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In the previous post, we touched on the benefits of outdoor shrimp farming systems and how it was a dream come through for inland farmers like us. However, upon the operation of the site, we realized that the outdoor shrimp farming system has its own unique set of challenges. In this post, we will try to uncover some of the challenges that are not so obvious until you start to operate the outdoor ponds.

Water availability (TIDE BASED)

Despite being 300-400 meters from the coast, you will not be able to get good quality seawater daily. On average, you will only be able to get 12-16 days of good seawater every month due to the tidal effect. Only when the tides are high enough on days during the new moon and full moon will you be able to perform water exchange. You can check out how the tidal changes based on the calendar month by using this cool website. Using this tide chart, you can see that the tide only exceeded 2.5m on the 26th November-30 November, and it doesn't happen again until 7 December-13 December. We always try to only take in water when the tide is about 2.5m, as it allows for saltier water to enter the pond. Taking a much lower cut-off will usually mean that the water will also be less in salinity and minerals and higher in silt. It will not be a huge problem when you’re stocking at a low density where the average feeding rate is low, but you will need water exchange at a high feeding rate. So in theory, you can be stuck in a situation where you have high ammonia due to excessive feeding but have no water for your exchange. Of course, you can also use probiotics to break down excessive organic material, but it will be at an additional cost to your production. Another method is to build a pipeline into the sea and directly draw in seawater with stable water chemistry. The trade-off is a high capital expenditure. Which is usually too much for a small-medium operator.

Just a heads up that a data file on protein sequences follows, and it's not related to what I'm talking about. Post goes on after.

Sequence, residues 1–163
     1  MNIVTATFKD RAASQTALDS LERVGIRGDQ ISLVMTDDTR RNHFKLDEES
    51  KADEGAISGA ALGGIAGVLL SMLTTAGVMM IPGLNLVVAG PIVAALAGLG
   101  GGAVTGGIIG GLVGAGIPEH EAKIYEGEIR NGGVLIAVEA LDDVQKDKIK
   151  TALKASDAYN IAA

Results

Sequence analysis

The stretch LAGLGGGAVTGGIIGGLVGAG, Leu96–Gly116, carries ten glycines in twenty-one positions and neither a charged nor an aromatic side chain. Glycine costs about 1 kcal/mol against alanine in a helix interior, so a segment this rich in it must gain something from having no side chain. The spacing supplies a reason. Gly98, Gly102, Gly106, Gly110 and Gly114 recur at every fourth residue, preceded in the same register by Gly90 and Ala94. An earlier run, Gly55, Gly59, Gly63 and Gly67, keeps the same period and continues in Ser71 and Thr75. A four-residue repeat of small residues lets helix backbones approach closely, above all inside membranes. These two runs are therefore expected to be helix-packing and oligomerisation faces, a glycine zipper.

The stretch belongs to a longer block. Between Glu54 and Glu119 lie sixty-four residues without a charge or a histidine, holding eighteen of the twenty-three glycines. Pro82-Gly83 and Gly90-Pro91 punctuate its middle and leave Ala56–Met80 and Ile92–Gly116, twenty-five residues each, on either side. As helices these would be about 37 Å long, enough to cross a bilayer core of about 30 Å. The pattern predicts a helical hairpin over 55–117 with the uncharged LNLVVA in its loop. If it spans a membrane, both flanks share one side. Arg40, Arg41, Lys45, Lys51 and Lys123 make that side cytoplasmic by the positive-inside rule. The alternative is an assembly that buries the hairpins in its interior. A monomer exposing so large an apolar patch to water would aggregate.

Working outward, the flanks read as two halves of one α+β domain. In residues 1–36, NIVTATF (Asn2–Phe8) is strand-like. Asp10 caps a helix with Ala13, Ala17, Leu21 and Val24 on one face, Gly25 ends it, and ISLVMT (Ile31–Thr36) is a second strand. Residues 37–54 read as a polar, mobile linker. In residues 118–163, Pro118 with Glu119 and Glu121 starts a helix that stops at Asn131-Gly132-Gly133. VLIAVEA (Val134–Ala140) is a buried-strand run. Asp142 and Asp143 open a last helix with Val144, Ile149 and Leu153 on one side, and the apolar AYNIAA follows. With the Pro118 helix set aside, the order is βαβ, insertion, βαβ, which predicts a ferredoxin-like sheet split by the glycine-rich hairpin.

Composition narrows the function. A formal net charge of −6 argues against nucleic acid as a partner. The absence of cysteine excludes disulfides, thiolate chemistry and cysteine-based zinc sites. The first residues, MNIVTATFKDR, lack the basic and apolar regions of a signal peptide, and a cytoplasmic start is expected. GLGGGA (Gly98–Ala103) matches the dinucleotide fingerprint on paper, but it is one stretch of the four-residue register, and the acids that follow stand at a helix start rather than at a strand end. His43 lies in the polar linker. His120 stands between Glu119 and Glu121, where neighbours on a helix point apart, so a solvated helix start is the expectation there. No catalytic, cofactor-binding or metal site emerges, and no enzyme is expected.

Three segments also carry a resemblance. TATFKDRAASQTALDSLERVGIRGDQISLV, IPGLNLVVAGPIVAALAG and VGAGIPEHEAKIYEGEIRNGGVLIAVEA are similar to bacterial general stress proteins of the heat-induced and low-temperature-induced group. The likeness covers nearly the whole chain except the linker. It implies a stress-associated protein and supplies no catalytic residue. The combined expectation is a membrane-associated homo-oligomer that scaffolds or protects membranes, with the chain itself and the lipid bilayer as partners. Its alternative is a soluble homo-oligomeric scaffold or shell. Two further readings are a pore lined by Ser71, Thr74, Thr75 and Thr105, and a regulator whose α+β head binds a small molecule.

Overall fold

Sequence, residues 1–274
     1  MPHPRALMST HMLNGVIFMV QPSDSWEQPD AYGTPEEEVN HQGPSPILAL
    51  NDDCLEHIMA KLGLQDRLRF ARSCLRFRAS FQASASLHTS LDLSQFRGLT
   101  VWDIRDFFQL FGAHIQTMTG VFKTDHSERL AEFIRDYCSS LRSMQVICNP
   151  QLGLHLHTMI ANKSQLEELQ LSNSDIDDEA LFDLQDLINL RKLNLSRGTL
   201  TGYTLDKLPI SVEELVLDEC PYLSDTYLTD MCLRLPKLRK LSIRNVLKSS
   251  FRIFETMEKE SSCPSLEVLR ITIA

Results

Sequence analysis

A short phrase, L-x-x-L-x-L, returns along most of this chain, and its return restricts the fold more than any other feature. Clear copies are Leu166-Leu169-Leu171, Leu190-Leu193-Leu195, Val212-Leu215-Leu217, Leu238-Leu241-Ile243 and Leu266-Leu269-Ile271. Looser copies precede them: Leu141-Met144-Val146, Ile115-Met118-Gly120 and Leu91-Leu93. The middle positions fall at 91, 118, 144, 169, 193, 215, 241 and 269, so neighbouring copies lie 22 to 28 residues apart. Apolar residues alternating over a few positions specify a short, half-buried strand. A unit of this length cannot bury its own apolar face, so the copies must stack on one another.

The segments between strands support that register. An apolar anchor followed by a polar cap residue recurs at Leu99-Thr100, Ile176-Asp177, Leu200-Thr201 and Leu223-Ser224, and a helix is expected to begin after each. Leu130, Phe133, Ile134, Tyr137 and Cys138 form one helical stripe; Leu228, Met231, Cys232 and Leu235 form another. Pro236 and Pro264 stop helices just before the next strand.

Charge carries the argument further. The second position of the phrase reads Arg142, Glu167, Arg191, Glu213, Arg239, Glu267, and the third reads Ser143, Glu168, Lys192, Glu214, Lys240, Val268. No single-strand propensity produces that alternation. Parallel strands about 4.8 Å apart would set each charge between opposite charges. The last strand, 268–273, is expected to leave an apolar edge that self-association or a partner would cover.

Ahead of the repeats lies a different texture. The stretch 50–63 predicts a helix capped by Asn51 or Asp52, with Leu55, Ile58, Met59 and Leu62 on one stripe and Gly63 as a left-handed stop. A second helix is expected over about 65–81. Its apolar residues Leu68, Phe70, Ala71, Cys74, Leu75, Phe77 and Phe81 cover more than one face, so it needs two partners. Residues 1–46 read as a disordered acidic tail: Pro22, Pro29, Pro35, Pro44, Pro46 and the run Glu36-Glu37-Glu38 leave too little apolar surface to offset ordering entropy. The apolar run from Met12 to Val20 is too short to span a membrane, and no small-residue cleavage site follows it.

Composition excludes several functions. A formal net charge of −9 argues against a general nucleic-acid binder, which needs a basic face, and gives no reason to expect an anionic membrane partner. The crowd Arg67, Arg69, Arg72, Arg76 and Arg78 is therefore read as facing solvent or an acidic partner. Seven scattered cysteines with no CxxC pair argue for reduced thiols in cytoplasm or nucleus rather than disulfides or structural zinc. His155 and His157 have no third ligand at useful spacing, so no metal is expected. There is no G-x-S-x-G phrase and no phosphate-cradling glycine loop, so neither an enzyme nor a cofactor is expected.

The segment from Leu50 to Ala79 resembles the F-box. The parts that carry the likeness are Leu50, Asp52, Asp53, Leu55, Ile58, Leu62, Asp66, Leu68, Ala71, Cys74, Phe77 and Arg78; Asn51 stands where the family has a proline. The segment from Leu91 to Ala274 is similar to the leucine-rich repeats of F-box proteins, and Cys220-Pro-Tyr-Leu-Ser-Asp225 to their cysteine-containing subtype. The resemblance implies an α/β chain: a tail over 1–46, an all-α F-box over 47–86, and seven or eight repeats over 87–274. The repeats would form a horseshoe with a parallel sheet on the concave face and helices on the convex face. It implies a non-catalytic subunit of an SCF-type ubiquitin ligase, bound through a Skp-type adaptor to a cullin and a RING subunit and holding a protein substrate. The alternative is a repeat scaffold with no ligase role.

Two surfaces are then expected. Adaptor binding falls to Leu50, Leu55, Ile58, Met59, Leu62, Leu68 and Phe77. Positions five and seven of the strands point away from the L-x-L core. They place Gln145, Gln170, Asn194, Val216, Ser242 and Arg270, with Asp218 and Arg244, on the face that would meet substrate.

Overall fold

Unwanted species